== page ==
On Easter morning, the meeting of Jesus and his mother, Mary, is acted out in church services and in public dramas. Yet, in the Filipino setting, the resurrection of Jesus is far less important than his suffering and death. Paradoxically, at the same time that people remember the suffering Christ, they also gather with their families to eat and drink in a festive mood. A further paradox is found in the crucifix, a cross with Christ hanging on it. The typical Protestant cross, in striking contrast is empty. It eloquently declares that Christ is risen.
Filipino Holy Week: A Culture of Masochism?
Neal Cruz wrote in the Philippine Daily Inquirer, On “Good Friday, human blood flowed, literally, in many parts of the Philippines as flagellants flogged themselves bloody and had themselves nailed to crosses in imitation of Jesus Christ. This primitive practice is so widespread (and still spreading) that it portrays the Philippines as a nation of masochists. [Source: Neal Cruz, Philippine Daily Inquirer, April 4, 2010 ==]
“Why do Filipinos inflict pain on themselves? The penitents believe that by hurting themselves in imitation of Jesus, they would be forgiven their sins — the more painful, the more forgiveness. Others do so to keep vows (panata) made to God — to do the masochistic act every Good Friday in exchange for making a sick family member get well, or to get a job in the Middle East, etc. They believe that if they break the vow, God would punish them. So they do it year after year against common sense. ==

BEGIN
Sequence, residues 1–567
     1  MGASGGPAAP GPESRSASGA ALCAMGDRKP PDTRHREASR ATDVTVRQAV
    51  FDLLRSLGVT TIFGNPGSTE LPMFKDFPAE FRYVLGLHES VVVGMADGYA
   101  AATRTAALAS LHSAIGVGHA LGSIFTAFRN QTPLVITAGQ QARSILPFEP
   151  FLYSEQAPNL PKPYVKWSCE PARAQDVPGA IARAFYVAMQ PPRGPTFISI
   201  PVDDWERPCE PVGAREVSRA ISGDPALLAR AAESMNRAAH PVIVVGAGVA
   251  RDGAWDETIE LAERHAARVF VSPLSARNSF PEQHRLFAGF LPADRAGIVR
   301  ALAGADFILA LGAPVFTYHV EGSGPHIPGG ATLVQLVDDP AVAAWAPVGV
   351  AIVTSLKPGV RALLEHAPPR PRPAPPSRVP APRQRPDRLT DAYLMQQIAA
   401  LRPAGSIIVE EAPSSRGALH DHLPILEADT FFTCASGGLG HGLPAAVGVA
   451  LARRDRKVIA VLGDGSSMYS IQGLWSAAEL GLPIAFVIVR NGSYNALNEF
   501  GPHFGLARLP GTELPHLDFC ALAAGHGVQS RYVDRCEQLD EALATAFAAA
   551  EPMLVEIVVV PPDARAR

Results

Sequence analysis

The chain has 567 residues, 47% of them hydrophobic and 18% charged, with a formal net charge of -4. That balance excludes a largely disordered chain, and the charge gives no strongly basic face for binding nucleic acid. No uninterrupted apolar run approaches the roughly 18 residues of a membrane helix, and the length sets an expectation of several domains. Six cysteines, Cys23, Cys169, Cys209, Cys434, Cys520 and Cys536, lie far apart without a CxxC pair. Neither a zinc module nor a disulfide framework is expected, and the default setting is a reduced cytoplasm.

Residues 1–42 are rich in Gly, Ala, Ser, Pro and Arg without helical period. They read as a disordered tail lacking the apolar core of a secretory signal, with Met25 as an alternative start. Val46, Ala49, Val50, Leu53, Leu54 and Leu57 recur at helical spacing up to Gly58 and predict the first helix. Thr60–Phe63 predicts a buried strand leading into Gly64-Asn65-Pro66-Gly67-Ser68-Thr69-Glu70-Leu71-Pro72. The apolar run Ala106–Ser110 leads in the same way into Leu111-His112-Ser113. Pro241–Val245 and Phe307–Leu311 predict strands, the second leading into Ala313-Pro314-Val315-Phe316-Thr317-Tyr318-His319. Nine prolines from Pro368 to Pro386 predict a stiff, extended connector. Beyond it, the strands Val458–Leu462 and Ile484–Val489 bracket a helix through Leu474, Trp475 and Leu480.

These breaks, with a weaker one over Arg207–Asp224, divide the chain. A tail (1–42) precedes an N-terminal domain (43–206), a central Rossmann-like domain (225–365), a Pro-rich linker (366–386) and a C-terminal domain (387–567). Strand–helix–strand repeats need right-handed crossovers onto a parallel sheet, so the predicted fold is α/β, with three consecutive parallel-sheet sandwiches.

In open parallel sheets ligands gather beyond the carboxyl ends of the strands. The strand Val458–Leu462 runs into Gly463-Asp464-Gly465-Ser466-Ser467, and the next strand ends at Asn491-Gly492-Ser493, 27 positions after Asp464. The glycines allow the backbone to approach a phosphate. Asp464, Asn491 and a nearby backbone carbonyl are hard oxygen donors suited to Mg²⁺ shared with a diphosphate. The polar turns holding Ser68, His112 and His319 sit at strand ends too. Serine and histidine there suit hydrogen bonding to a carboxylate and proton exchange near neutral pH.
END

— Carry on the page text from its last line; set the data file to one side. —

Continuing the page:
“And the voyeurs, Filipinos and foreigners alike, lap it up. They flock to the places where penitents have themselves nailed, literally, to crosses; or on the roads where lines of penitents pass while flogging themselves silly, or plod bearing heavy wooden crosses while being flogged by assistants. Tourists find it so quaint, so weird, so curious, so exciting, so primitive; and local government officials (and perhaps also the Department of Tourism) encourage the masochism to attract tourists every year. It is no different from white tourists ogling black tribesmen dancing to the beat of tom-toms in “Darkest Africa.” All that is missing is Tarzan’s ape-cry reverberating through the treetops. And mass media plaster the spectacle on their news pages and television screens. ==